“an imbalance between rich and poor is the oldest and most fatal ailment of all repub

Discussion in 'Economics' started by nutmeg, Jul 10, 2010.

  1. In any and every economy, the larger the “marginal propensity to consume” the greater the “velocity of money”. The “velocity of money” is how many times each dollar is spent, over a given period of time. Obviously, economies with high MPC's and a corresponding, high velocity of money will be stronger and healthier than those economies with low figures for those statistics. This can be illustrated with simple arithmetic.

    We'll take one poor person, one middle-class person, and one rich person. The poor person (like all poor people) has a marginal propensity to consume of 100% - that is, poor people can be expected to spend all of every dollar they receive. The middle-class person has a marginal propensity to consume of 50%. Meanwhile, the rich person has a marginal propensity to consume of 10%.

    While these numbers are purely hypothetical, the MPC's of the “poor person” and the “rich person” are very close to actual numbers – only the middle-class MPC has been changed, in order to illustrate the principle more clearly.

    Armed with only this one piece of information, it is instantly obvious that a government gets more “bang for its buck” by putting any/every dollar of “stimulus” into the hands of poor people (and the middle class) than in the hands of the rich. It also makes it instantly clear that there is zero validity for the mantra of right-wingers: “trickle-down economics”.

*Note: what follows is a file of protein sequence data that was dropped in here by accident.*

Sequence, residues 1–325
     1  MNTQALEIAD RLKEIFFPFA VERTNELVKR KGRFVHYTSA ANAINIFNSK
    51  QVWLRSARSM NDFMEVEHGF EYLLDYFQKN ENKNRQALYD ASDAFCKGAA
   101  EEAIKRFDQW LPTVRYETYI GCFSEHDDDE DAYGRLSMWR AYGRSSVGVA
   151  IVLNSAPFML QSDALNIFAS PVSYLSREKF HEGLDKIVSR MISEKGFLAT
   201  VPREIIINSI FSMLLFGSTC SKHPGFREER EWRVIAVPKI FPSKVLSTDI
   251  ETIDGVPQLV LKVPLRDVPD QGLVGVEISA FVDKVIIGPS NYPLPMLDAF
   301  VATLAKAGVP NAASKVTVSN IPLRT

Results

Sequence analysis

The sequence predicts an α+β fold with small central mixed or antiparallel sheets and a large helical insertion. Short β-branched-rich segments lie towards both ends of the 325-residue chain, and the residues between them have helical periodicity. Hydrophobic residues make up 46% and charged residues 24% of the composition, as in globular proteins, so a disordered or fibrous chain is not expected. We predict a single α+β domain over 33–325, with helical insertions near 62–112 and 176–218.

To demonstrate this, suppose the government has $100 “stimulus” dollars to allocate. If the government gives it all to the poor, 100% of that money (all $100) is instantly spent (and then re-spent by the 3rd party receiving payment). If we give all the money to the middle-class person, $50 is immediately spent (and re-spent). If we give all the money to the wealthy, only $10 dollars actually makes it into the general economy to be spent and re-spent. The vast majority of any and all charity for the wealthy is simply hoarded – benefiting no one.


    When Wall Street and the U.S. government were engaged in their bubble-blowing escapades over the last decade, where was the money of the ultra-wealthy?